Forest Investment Account (FIA) - Forest Science Program
FIA Project M086035

    Measurement and Modelling of Mountain Pine Beetle Impacts on the Annual Forest Water Balance
Project lead: Carlyle-Moses, Darryl (Thompson Rivers University)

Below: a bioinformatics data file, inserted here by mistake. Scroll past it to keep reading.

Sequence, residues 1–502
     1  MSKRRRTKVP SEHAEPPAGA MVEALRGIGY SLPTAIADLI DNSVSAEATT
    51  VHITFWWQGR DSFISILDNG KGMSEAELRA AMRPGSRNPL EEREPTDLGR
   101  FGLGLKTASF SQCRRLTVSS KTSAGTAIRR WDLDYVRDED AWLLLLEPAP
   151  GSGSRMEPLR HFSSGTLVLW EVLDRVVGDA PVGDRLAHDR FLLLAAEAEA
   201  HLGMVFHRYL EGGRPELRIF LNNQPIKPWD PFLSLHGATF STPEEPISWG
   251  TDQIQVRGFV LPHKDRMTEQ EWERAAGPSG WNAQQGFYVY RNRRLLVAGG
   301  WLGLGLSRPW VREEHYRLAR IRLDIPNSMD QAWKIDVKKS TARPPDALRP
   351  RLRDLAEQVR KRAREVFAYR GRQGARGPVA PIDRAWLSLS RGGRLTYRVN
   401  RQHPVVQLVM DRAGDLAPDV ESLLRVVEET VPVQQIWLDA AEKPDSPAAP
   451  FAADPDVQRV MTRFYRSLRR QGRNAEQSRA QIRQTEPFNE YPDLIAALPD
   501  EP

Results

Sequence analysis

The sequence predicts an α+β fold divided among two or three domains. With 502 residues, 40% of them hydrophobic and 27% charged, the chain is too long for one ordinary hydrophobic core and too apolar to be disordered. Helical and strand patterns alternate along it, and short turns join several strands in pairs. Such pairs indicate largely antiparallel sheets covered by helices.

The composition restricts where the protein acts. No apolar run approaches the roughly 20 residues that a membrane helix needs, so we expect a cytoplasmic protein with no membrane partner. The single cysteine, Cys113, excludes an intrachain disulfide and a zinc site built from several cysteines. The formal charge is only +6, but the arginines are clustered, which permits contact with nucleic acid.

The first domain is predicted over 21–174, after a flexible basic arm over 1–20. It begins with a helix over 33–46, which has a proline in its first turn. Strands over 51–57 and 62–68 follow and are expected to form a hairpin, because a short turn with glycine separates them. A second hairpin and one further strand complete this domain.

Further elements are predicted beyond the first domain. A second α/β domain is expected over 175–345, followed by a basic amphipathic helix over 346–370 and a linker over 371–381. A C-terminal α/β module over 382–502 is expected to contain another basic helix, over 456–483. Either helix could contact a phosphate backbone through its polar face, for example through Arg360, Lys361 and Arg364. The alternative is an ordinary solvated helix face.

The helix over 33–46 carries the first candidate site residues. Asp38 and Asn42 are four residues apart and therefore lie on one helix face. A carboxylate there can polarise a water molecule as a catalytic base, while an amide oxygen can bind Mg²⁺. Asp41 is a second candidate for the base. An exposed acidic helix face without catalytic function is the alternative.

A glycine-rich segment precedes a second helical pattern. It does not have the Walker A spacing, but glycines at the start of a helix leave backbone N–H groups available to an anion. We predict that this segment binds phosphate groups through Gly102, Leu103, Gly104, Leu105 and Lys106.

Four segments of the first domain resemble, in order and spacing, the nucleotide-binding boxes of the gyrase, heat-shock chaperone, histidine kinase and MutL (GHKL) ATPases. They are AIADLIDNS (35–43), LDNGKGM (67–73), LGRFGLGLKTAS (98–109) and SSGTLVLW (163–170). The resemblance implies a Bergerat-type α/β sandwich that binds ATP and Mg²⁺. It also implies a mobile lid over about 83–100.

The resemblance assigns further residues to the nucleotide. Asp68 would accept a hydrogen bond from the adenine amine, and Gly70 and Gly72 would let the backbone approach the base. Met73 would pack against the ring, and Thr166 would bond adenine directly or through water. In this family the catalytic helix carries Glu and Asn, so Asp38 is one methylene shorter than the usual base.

Contributing Authors: Burles, K.A.; Carlyle-Moses, Darryl E.; McGivern, V.J.; Kono, G.; Winkler, Rita D.; Spittlehouse, David L.; Redding, Todd
Subject: Forest Investment Account (FIA), British Columbia
Series: Forest Investment Account (FIA) - Forest Science Program